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Rush - Permanent Waves CD (album) cover

PERMANENT WAVES

Rush

 

Heavy Prog

4.30 | 1413 ratings

From Progarchives.com, the ultimate progressive rock music website

1800iareyay
Prog Reviewer
4 stars Rush's Permanent Waves is the fourth classic in a row for the band. It is a highly important record, as it marked the transition from heavy, border-line metal prog to the poppier synth sound that would define their 80s output. It also marks the lyrical transition from Peart's sci-fi obsession to mature and deep subject matter. Who'd have thought Peart would be such a great lyricist? This is a polarizing album: old fans point to this as the beginning of the end of the band, while others saw the lyrical brilliance and musicianship that make this album great. As always, the band gels like no other group on the planet, not even jazz bands. Geddy's voice has changed from the mad screams of previous albums into a more restrained but no less powerful tenor, which he maintains to this day. His bass playing is still some of the best you'll ever hear. Lifeson puts his stamps on the songs with beautiful melodies and terrific solos. Peart, well, we all know he's God.

The album opens with the standard "The Spirit of Radio," named after a radio station in Toronto. I don't know why people call this a sellout song. Yes, it's made for radio, but listen to the lyrics. The song attacks the music industry's corruption of radio from a device to hear music into just another tool to sell copies. The fact that it's tailor-made for radio play is genius. The band took John Lennon's "Imagine" approach to songwriting: sugarcoat your message so that many don't realize the attack. Plus, Rush introduce reggae into their music, which would surface from time to time in the future. "Freewill" is another classic with great lyrics. Peart pens an anthem of self-reliance. The chorus is wonderful and Alex's solo is one of his best. "Jacob's Ladder" is weak lyrically, as it details the dream of a prophet. However, the composition is staggering. Pounding bass and incredible guitar that slowly builds for the entire piece. This song bored me stiff the first time I heard it, but another listen and it all clicked.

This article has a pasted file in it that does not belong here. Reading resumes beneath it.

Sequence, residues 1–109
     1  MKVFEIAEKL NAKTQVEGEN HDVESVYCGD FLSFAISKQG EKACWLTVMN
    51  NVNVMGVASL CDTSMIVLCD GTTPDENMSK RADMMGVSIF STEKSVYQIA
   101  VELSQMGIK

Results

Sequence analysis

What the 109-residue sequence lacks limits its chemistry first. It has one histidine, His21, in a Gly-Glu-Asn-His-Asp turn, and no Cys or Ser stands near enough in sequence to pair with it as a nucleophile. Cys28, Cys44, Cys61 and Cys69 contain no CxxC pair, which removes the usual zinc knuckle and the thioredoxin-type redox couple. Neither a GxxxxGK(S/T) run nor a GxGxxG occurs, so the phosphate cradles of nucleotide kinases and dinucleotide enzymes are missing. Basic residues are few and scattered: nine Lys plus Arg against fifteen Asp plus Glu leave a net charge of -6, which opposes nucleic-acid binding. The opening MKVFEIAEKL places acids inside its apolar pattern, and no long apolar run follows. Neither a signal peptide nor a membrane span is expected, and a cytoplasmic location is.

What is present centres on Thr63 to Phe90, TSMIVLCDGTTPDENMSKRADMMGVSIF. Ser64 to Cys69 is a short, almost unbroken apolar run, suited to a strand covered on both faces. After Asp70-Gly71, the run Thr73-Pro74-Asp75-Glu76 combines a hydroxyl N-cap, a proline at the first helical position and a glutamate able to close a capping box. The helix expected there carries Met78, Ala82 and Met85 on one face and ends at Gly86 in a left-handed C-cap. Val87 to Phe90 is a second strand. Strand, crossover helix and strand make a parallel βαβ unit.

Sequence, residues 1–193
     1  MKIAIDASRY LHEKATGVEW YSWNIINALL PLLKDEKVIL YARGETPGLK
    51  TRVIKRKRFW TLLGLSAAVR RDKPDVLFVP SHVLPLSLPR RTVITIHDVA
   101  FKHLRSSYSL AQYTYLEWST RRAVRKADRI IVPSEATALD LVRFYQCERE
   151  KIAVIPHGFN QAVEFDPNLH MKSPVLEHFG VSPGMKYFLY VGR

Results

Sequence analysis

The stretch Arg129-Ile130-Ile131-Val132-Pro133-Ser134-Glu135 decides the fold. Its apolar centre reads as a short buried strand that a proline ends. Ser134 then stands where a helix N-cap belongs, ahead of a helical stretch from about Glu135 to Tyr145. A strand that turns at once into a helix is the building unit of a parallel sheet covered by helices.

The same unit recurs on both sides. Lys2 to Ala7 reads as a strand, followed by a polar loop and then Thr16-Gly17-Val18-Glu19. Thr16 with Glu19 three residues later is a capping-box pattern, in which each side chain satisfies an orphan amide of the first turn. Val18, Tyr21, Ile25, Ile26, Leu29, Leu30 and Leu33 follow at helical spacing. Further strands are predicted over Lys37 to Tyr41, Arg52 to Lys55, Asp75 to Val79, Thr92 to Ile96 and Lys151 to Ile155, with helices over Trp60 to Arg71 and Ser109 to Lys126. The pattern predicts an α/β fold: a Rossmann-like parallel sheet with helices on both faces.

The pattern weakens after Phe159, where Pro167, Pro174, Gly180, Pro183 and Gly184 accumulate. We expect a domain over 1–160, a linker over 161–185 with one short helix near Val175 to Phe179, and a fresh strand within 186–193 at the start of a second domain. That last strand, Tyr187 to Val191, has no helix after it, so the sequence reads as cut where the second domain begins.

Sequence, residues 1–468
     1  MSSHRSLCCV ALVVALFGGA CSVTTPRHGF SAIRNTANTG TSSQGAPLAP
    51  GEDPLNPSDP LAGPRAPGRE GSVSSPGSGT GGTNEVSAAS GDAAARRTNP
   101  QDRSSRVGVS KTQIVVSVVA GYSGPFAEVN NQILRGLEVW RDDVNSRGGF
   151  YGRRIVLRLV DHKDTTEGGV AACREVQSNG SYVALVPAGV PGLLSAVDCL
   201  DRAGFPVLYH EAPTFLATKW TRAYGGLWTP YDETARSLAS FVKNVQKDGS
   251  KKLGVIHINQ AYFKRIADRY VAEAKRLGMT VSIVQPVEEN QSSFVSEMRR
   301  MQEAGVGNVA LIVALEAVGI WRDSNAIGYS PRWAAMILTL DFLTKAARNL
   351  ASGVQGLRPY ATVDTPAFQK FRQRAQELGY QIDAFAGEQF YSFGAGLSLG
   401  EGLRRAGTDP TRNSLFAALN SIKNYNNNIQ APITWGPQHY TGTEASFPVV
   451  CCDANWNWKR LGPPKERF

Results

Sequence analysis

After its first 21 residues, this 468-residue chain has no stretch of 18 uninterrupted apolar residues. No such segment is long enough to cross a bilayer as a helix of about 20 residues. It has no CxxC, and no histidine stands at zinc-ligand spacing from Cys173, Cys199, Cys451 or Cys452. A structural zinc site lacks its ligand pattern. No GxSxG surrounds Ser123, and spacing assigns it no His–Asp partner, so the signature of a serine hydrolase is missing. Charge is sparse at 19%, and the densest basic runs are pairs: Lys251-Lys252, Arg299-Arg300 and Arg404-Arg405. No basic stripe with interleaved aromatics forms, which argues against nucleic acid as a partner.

"Entre Nous" never really did it for me until I saw the band recently. It's a solid song, but it lacks the power of the rest of the tracks here. "Different Strings" is a beauty with melancholic vibes. Rush wouldn't make another song so moving until they released several moving songs on Vapor Trails two decades later. Entre Nous and Strings share a lyrical theme of rocky romance. The album closes with "Natural Science," a look into society's oppression of the individual and how honest men are "an endangered species." This features some jaw-dropping work from the band, particularly Peart, who does things no mortal could ever hope to accomplish.

The album is rather short, but remember that back in the days of vinyl that meant better sound quality. Waves has the misfortune of falling between Rush's two masterpieces, yet it proudly holds its own. This is one of Rush's most enjoyable albums, and it's one of precious few devoid of filler. "Entre Nous" is the only track that comes close to being a throwaway. It falls just short of being a masterpiece, but Rush would ensure that their next album would make that final leap.

Grade: B+

1800iareyay | 4/5 |

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